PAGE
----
How Antivirus Programs Work to Protect Your Computer
by Robert McNicholas on May, 25 2017
Last week we talked about what makes a firewall an effective guard against computer problems. This week, we’ll discuss the antivirus component of a good Internet security program. How does an antivirus program work? What options are available, and which type of antivirus program (also called an AV) is good for you?
Basically, any antivirus program will protect your computer against all kinds of malware. We’re talking about more than just viruses (unwanted, harmful programs).
Spyware (programs that track your activity and send data to another computer), Trojans (malicious programs designed to look harmless), rootkits (applications that hide viruses and allow them to access the innermost parts of your PC), and ransomware (programs that require you to pay a “ransom” to get your computer back to working order) are all on the antivirus version of the no-fly list. Other programs, like adware, are flagged as untrustworthy even if they’re not actively harmful. Your antivirus may see them as a nuisance and treat them accordingly.
True or False: You Only Need AV for WindowsThis would be false. Although Windows is the most popular operating system—and thus a large, juicy target for cyber criminals—it’s not the only one. While the majority of viruses are written for Windows and Windows-based programs, like MS Office, all operating systems can “catch” a virus. Mac and Linux users should have AV protection too.Are antivirus apps 100% effective? No, but they’re pretty good. Most stop at least 90% of the malware they encounter. Whatever isn’t immediately detected is often (but not always) removed during a scan. Especially stubborn viruses can be removed with a super-duty program, like Norton’s Power Eraser. If that fails, virus-specific removal programs may need to be used. As a last resort, IT professionals can be called in to wipe a computer clean.An antivirus program has three ways of keeping your PC in working order: by constant background monitoring, by scanning your system, and by segregating, quarantining, or removing certain programs.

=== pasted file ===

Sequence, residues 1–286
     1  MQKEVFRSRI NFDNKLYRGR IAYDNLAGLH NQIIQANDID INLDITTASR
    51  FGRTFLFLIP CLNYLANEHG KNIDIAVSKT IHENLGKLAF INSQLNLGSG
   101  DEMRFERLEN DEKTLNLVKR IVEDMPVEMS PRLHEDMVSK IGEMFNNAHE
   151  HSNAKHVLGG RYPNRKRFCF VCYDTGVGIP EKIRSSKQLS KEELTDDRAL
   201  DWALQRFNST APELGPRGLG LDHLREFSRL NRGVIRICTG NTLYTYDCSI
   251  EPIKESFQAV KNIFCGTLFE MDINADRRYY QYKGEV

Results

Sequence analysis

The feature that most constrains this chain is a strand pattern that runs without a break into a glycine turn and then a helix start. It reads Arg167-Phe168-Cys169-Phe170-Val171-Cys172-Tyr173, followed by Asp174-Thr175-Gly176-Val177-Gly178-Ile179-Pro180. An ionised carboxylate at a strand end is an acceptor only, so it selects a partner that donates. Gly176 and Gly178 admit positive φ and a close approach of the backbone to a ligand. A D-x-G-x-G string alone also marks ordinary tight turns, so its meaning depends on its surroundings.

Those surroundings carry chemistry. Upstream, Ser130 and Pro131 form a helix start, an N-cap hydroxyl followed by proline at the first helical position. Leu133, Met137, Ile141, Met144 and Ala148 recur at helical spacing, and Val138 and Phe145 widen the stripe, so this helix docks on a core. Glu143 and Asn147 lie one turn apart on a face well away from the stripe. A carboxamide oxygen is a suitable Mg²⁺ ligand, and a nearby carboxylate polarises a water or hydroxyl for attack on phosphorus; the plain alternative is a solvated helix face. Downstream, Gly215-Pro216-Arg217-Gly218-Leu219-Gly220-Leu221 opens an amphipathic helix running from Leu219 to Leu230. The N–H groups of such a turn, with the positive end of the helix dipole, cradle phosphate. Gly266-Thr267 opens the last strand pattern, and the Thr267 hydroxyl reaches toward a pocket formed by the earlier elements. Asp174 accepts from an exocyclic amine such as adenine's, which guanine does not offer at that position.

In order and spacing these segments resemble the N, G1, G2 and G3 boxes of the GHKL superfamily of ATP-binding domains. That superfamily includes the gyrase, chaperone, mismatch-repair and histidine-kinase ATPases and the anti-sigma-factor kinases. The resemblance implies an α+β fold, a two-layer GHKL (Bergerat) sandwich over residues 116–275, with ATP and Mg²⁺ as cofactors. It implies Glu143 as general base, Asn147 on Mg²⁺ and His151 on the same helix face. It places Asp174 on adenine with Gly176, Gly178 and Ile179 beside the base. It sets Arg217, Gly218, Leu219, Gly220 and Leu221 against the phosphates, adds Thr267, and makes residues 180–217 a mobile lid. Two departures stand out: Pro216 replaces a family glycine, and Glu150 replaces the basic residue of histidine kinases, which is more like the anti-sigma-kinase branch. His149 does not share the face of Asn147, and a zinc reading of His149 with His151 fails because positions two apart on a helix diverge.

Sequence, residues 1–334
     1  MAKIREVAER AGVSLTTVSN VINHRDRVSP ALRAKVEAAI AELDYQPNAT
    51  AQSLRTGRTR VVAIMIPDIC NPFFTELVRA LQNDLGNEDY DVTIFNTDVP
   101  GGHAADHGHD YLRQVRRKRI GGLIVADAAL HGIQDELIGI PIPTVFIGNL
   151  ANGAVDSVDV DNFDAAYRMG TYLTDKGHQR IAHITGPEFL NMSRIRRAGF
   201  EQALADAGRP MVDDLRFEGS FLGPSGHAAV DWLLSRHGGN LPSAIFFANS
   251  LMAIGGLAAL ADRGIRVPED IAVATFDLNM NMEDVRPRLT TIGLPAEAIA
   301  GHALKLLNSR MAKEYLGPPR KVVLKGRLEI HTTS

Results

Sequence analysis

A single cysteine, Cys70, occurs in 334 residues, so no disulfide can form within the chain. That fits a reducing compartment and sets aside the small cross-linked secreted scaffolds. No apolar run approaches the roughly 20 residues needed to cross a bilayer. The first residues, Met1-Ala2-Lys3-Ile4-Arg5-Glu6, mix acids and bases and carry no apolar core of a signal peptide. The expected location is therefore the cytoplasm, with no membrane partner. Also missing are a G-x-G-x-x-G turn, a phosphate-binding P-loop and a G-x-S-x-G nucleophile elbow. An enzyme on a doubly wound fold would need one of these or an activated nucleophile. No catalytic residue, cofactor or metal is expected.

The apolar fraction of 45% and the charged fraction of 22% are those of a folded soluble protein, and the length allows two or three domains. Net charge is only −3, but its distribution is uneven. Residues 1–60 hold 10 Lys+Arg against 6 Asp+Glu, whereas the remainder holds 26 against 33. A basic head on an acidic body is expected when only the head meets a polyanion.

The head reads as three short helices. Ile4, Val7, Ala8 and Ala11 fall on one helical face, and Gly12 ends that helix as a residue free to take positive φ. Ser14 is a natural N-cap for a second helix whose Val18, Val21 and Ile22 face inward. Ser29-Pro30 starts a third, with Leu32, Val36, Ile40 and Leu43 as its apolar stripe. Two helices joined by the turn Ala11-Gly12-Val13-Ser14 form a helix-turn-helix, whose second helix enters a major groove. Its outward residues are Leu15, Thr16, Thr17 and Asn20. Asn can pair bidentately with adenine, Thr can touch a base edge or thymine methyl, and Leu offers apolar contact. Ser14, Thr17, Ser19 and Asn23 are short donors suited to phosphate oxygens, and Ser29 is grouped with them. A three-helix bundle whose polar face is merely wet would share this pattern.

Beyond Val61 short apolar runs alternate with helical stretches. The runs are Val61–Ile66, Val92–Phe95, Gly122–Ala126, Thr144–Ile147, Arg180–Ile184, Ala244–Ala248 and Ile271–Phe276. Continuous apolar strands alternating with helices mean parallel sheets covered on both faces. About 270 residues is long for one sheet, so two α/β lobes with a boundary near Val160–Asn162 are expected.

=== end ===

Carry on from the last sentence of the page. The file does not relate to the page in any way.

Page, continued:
How Your Antivirus Scans Your ComputerYour AV has a couple different ways of scanning your computer. Traditional AV programs, like Norton, keep a comprehensive database of virus signatures and compare suspect files against it. (A virus signature or definition is a set of characteristics in the program’s code that matches up to a known virus.) They may also keep a list of safe or reputable files that are allowed without scanning. These types of programs need to be regularly updated to be effective, but they don’t need an active Internet connection to scan.Another type of scanning is known as heuristics. This is used to block relatively new viruses and other types of malware. Heuristic scans look at the behavior of programs. If they start some type of questionable activity, like opening a lot of outside connections from your computer, the antivirus will either let you know or stop the suspect program.There are two main types of antivirus programs—traditional and cloud-based. Both function in very similar ways, but cloud-based programs (like Webroot and Panda) rely on a constant connection to an online database. Unlike traditional programs, these don’t slow your computer down much, and they don’t need to download regular updates.
Prevention vs. Cure, or How to Stop A Problem Before It StartsYour antivirus would rather stop a malicious program before it starts than clean up the aftermath. To that end, most AV programs will constantly scan in the background, looking for questionable activity. They may also examine new files as you run or download them, or they may scan your computer when it starts up.You can also have your antivirus scan your PC on demand. It’s a good idea to run a full scan weekly, even if your computer is monitored 24/7 by your AV. For the most part, this is just an extra precaution, but better safe than sorry.Some antivirus programs use a technique called sandboxing when a new program first runs. Basically, the program is not allowed to communicate with the core of your computer or with other programs. This allows the AV to decide if a program is safe before it does any major damage to your system.
How Your Antivirus Cleans Your ComputerShould your antivirus notice a problem, it will do one of three things:
- It will quarantine the file(s)—keep the file in your computer, but forbid it to access any other programs or data. The file’s name may also be altered so that other malicious programs can’t find it.
- It will sandbox the file(s)—isolate the file, as described above, to prevent any further access to other areas of your computer.
- Delete the file(s).